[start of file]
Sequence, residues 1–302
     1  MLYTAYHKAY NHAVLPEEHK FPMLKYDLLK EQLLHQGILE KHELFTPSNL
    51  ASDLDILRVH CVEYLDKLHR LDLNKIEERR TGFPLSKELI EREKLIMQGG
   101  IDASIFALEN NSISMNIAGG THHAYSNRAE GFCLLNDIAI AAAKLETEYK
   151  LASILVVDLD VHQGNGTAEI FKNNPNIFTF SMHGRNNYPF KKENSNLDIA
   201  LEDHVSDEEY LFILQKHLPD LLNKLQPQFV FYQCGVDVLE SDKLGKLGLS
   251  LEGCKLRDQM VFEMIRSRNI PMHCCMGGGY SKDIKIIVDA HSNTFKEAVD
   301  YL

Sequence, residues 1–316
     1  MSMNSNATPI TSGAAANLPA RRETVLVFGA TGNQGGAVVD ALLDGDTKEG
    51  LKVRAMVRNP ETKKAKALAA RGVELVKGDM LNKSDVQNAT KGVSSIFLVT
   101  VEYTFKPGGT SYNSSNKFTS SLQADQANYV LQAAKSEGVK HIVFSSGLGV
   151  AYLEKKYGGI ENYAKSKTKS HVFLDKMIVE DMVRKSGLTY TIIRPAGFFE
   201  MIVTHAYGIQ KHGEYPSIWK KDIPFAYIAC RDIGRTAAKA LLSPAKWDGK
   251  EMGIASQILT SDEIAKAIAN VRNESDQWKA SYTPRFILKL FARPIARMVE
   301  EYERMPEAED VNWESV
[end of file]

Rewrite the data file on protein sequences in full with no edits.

Sequence, residues 1–302
     1  MLYTAYHKAY NHAVLPEEHK FPMLKYDLLK EQLLHQGILE KHELFTPSNL
    51  ASDLDILRVH CVEYLDKLHR LDLNKIEERR TGFPLSKELI EREKLIMQGG
   101  IDASIFALEN NSISMNIAGG THHAYSNRAE GFCLLNDIAI AAAKLETEYK
   151  LASILVVDLD VHQGNGTAEI FKNNPNIFTF SMHGRNNYPF KKENSNLDIA
   201  LEDHVSDEEY LFILQKHLPD LLNKLQPQFV FYQCGVDVLE SDKLGKLGLS
   251  LEGCKLRDQM VFEMIRSRNI PMHCCMGGGY SKDIKIIVDA HSNTFKEAVD
   301  YL

Sequence, residues 1–316
     1  MSMNSNATPI TSGAAANLPA RRETVLVFGA TGNQGGAVVD ALLDGDTKEG
    51  LKVRAMVRNP ETKKAKALAA RGVELVKGDM LNKSDVQNAT KGVSSIFLVT
   101  VEYTFKPGGT SYNSSNKFTS SLQADQANYV LQAAKSEGVK HIVFSSGLGV
   151  AYLEKKYGGI ENYAKSKTKS HVFLDKMIVE DMVRKSGLTY TIIRPAGFFE
   201  MIVTHAYGIQ KHGEYPSIWK KDIPFAYIAC RDIGRTAAKA LLSPAKWDGK
   251  EMGIASQILT SDEIAKAIAN VRNESDQWKA SYTPRFILKL FARPIARMVE
   301  EYERMPEAED VNWESV